Part 1 is here if you missed it or you're reading this somewhere else.
The Big Ten Hockey Conference has always been a widely debated, and very contentious issue among college hockey fans. Now that Penn State is considering adding a hockey program, giving the Big Ten a sixth college hockey team, that issue is being revisisted once again.
There seem to be two schools of thought when it comes to the BTHC. Usually, those that follow Big Ten programs think it's a great idea, and those that follow other programs think it would college hockey's apocalypse.
For what it's worth, Big Ten commissioner Jim Delany said ten years ago that the Big Ten wouldn't force the issue of a Big Ten Hockey Conference, unless it was desired. I'd imagine that position hasn't changed, so the decision will probably be made within the college hockey community.
So could a BIg Ten Hockey Conference actually work? There's no question the BTHC would be successful. College hockey's strongest programs would continue to be successful and draw huge crowds. It's a question of how it would affect the rest of college hockey. People that argue against the BTHC have two major problems. 1. It would ruin college hockey from a competitive standpoint 2. It would ruin college hockey from a financial standpoint.
I don't really buy the first issue about competitive balance. The argument is that players would only want to play in the major conference, and the leftover schools would suffer.
But is that really different than what we have now? Michigan has made the last 18 NCAA tournaments. Minnesota has only missed 3 NCAA tournaments the past 24 years. Wisconsin has been there 4 of the past five years. Since 1996, Big Ten teams have won 6 national championships. They're already doing pretty well, and will continue to do well regardless of what conference they're in.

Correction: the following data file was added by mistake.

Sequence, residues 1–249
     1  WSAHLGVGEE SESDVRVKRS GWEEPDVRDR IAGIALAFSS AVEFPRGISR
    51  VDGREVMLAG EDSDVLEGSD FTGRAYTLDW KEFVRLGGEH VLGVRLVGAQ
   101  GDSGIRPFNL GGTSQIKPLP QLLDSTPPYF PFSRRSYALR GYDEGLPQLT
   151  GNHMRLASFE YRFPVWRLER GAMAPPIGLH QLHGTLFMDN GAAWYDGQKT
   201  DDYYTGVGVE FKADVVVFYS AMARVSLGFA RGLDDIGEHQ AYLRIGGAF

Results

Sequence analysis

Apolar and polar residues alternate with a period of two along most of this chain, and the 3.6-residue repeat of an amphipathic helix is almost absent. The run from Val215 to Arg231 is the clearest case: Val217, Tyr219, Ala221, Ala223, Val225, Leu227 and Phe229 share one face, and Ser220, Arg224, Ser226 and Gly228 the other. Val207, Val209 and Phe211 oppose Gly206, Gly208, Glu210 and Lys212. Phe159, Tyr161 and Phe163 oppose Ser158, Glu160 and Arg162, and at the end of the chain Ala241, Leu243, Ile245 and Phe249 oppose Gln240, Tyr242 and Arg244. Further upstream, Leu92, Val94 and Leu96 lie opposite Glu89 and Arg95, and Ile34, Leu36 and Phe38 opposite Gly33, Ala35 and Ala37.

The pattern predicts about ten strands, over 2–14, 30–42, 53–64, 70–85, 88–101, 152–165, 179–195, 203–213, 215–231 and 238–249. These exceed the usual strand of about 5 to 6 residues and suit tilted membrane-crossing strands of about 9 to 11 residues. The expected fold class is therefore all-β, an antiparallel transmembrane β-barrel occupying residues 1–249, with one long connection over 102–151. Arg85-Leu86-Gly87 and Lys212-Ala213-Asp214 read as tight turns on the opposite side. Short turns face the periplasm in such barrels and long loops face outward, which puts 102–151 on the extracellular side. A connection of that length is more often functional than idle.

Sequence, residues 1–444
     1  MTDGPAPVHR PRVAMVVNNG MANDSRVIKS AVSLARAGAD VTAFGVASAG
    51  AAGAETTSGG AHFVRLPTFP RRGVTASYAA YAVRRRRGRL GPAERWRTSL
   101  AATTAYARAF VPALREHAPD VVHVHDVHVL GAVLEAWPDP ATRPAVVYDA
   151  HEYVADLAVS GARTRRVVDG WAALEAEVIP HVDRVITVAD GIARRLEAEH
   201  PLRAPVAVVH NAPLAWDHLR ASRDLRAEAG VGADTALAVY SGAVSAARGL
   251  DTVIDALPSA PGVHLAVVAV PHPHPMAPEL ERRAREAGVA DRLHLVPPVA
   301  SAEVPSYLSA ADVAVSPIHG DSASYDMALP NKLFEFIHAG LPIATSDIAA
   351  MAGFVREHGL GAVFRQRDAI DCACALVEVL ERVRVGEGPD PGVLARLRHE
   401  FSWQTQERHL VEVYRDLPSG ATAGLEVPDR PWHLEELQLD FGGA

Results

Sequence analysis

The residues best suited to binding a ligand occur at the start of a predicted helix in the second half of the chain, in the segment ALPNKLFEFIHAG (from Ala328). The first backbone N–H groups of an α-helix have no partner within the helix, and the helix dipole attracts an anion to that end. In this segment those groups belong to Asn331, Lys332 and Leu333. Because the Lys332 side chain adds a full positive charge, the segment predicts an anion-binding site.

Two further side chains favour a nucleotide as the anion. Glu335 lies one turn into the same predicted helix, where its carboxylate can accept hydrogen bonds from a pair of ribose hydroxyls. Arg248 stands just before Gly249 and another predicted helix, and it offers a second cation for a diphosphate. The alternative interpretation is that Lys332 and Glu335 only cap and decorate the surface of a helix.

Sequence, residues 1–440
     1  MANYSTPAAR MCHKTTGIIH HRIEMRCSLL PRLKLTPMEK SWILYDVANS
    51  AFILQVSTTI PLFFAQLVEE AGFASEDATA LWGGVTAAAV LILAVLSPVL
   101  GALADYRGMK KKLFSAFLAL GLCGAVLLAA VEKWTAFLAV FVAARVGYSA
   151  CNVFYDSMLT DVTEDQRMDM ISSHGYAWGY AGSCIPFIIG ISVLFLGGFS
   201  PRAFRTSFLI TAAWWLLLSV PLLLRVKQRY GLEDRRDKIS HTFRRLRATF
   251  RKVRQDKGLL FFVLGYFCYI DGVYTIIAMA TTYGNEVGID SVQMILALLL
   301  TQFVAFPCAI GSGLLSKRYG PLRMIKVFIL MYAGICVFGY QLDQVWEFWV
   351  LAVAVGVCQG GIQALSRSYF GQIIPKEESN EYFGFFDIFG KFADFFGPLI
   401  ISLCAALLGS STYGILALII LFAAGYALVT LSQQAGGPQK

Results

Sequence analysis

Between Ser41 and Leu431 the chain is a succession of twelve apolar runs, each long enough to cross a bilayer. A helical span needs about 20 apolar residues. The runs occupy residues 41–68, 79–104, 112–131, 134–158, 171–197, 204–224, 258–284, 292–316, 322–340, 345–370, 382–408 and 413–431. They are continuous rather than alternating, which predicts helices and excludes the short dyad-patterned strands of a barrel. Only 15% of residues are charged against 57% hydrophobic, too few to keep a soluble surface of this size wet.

As far as procuring players, the theory is that all the best players would gravitate to the one big conference. Again, is that any different than the way things are now? How many players does Minnesota seriously go after and not get? Not that many. Same with Michigan, or Michigan State under their previous and future coach. Maybe Ohio State and Penn State would steal a few more top players, but I'm guessing the difference would be negligible. For every player they stole, there'd be another player, possibly just as good, available to the other college hockey schools.
Each BIg Ten school would still only have 18 scholarships, and could still only dress 20 skaters per night. There's definitely more than 120 potential college hockey players out there, and they'd have to go somewhere. Even now, I think more and more players are realizing that they're better off going to a somewhat less prestigious hockey school and playing a big role every night as opposed to being a healthy scratch at Minnesota or spending two extra years in junior for the honor of being a fourth liner at Wisconsin.
In short, I don't see much changing in that respect.
The second issue is the much trickier aspect, in my mind, and that is making things work financially. The basic theory is that college hockey's smaller schools need home games against Big Ten schools, and the revenue those large fanbases draw to their conference tournament in order to survive.
It's tough to say since we can't see the budget numbers for every school, but it seems pretty obvious that teams generate a big chunk of money from the conference tournament and from getting those teams at home, and they'd probably take a big hit financially. But could they still make it work?
Let's start with the WCHA. The conference would be left with North Dakota, Minnesota-Duluth, Colorado College, Denver, St. Cloud, Minnesota State, Michigan Tech, Alaska-Anchorage,and probably Bemidji State.
It's kind of an eclectic mix, and you have to wonder how tightly bound those teams would stay without Minnesota, Wisconsin, and their considerable dollars holding them all together. Would Michigan Tech want to stay in the new WCHA,with all the difficult travel involved, without Minnesota, Wisconsin and their money, or would they go the cheaper route and move into a conference with Northern Michigan and Lake Superior?